Power strips with their surge arresting capability are a logical way to implement current actuated switching. At least here in Colorado Springs surge arrestors are really necessary.
APC (American Power Conversion), among others, makes good surge arresting power strips. "American" is a laugh. The parts are all labelled "made in China." A good power strip has series inductors against which typical metal oxide varistors - MOV's - can work. Strips which just have the MOV's and no inductors depend on the impedance of the household wiring and have no expectation of working for any length of time.
I picked up a few APC strips from firesale.com at a good price and they have room to install the current actuated stuff I want. Some APC units provide for surge protection on telephone lines and space seems to be provided for that in their injection molded plastic parts whether they use it or not. Personally, I don't think telephone circuits should ever be in the same box with power wiring.
The APC PRO8 has a semicircular appearance and comes equipped with three "wall wart friendly" sockets. Two of them are labelled "always on" while the other six sockets are connected through a switch. My price was $9.95 but the suggested retail is much higher.
The simple scheme for current actuation is to take the two always-on connections and declare them to be the master into which you will plug your controlling device. Of course one needs to wonder why there should be two sockets for that and I have no answer except that it's an easy mod. All you have to do is remove the black wires running from the surge board to the always-on and switched sockets. A close trim with a pair of wire cutters is all that is necessary.
The next step is to find room for a relay and a CARD device. The picture below shows how I did it. Starting at the unswitched printed circuit pad of the surge board, I ran two turns through the hole in the CARD and terminated on the bus bar that services the always on receptacles. Starting at the switched printed circuit pad I ran to the common terminal of a relay. From the normally open terminal I ran to the bus bar for the remaining receptacles. One side of the relay coil is connected to the common terminal where 120 volt power is present. The other side goes to one of the CARD wires. The other CARD wire is connected to the common wire on the surge board.
In the picture you can see the relay at the lower left. It is in a cavity that probably houses telephone stuff in APC's other models. The CARD is just below the printed circuit board. Dress of the wires is important because of the various appendages on the plastic bottom panel which hold the receptacle parts in place after assembly. You want to be very sure that you don't squeeze a wire during reassembly. I did the power wiring with AWG 16 teflon insulated wire which is what I had available. Even though APC's wiring is AWG 14 it simply isn't necessary. The National Electric Code specifies AWG 14 for 15 amp service but there are exceptions for short runs which are what we're talking about. The real point is that you really aren't going to draw that much. AWG 22 is rated for 5 amps which will power essentially all personal computers. Typical household extension cords are AWG 18. An older laser printer with its big heater - 10 amps intermittent - might benefit from larger wire.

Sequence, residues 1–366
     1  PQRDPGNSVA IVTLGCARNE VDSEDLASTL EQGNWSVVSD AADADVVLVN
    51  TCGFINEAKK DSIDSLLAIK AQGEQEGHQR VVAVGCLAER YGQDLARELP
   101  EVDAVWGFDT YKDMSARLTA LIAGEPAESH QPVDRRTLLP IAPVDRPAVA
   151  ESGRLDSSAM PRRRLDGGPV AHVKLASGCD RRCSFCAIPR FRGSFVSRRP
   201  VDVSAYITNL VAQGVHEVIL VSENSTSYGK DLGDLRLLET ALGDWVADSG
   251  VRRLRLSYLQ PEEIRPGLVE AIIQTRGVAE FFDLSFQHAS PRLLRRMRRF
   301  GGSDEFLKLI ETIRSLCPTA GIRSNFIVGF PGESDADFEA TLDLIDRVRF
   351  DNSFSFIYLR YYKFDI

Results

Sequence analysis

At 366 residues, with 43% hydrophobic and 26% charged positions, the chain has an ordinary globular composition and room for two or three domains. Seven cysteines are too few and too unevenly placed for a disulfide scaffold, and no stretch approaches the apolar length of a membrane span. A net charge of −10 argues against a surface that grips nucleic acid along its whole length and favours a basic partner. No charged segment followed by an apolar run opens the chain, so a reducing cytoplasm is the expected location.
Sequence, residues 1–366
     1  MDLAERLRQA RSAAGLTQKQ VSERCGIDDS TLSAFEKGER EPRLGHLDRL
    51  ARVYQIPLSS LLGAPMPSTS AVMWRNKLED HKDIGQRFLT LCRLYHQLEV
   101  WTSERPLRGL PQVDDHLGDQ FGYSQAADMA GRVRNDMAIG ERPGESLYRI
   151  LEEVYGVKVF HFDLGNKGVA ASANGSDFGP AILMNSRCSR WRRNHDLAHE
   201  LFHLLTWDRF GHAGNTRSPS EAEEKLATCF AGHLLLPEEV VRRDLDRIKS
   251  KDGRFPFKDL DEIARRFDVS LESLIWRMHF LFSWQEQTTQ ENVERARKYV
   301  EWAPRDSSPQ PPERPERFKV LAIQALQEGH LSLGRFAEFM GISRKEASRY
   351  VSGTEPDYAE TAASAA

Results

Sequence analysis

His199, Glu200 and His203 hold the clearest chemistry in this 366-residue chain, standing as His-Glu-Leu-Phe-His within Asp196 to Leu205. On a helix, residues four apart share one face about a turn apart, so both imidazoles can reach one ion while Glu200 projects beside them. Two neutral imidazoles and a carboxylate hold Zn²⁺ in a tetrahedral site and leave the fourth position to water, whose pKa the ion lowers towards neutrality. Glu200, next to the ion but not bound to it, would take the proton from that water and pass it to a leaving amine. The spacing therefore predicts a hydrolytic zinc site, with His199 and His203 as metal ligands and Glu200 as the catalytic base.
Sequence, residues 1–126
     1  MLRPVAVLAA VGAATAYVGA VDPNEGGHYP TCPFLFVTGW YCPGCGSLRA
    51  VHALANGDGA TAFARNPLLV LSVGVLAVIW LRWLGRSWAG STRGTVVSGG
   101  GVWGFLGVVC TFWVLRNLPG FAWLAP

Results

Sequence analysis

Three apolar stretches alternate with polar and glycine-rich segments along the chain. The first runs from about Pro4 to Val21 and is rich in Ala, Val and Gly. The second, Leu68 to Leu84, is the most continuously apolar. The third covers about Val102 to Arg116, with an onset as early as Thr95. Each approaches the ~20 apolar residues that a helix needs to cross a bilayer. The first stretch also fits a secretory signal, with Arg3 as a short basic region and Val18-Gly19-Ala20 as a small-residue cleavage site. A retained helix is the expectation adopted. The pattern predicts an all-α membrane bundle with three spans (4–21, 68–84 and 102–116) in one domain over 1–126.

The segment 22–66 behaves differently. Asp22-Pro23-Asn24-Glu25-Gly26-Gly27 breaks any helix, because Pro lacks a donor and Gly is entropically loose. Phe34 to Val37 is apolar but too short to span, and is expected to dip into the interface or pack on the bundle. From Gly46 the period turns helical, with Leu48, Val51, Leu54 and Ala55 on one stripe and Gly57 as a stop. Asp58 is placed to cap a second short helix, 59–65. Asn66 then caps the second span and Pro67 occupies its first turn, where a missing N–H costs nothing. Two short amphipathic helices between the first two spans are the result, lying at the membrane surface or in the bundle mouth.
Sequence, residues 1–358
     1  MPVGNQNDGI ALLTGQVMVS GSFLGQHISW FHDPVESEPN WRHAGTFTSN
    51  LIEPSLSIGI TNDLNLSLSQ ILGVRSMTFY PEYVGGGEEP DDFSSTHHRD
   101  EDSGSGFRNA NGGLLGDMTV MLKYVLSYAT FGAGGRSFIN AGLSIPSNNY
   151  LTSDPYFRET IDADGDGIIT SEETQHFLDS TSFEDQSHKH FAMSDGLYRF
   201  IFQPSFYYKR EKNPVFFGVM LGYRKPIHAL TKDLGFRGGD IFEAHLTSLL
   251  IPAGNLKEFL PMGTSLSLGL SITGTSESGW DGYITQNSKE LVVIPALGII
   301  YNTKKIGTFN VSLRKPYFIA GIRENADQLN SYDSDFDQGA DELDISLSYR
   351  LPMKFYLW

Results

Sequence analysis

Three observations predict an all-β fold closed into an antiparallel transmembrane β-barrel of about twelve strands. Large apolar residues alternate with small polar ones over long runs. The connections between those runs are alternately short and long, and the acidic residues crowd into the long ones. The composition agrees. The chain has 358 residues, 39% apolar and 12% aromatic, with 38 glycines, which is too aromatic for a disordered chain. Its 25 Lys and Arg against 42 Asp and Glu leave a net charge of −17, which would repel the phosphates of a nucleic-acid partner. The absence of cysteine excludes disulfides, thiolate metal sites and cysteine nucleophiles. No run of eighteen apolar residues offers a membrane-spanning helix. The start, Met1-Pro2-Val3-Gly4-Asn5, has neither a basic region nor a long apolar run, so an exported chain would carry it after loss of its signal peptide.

I had another APC unit around, a model NET7 . This one has just a single row of receptacles and a master switch. The procedure was to remove the hot bus bar and cut off one of the receptacles. There are some holes in the strip and by being a bit shrewd you need to punch only one new hole to provide for soldering two new wires to the bus.
As before you start by disconnecting the black hot wire which runs from the PC board to the receptacle bus. One new wire runs from the PC board through the CARD and then to the single receptacle we cut loose in the previous step. Other new wires run from the PC board through the relay contacts to the power bus for the rest of the receptacles. As before, one CARD wire runs to the relay coil and the other to power common on the PC board. The remaining pin from the relay coil is connected at the relay to the power wire coming from the PC board.
In the picture you can see that there is space at the right for the relay and the CARD to share a common cavity. Some of the APC units use the space for telephone protection. Once again you have to be very careful about plastic appendages in the bottom panel. They hold the receptacle buses in place and must not trap a wire. I found it necessary to trim some internal plastic to make room for my wires.
The two strips above have space for the relay and a receptacle structure which is easily modified. Other strips may not be so cooperative. You need the relay but you might be able to remove a power switch to make room for it. Some relays are suitable for external mounting with their connections available through holes you might drill in the surge strip. For the sensed circuit you can make up a pigtail with a female receptacle at the end which attaches to a controlling device - a computer. That way all you need is a hole in the side of the power strip for the wire which can be a standard power cord with the plug cut off.
These suggestions require a certain amount of knowledge and skill. You need soldering equipment and you need to know how to use it. You will, of course, be voiding any warranty provided with the surge strip. It's possible to burn a house down or hurt yourself by doing something stupid. Please don't do either of those. By opening the power strip you are accepting responsibility for your actions.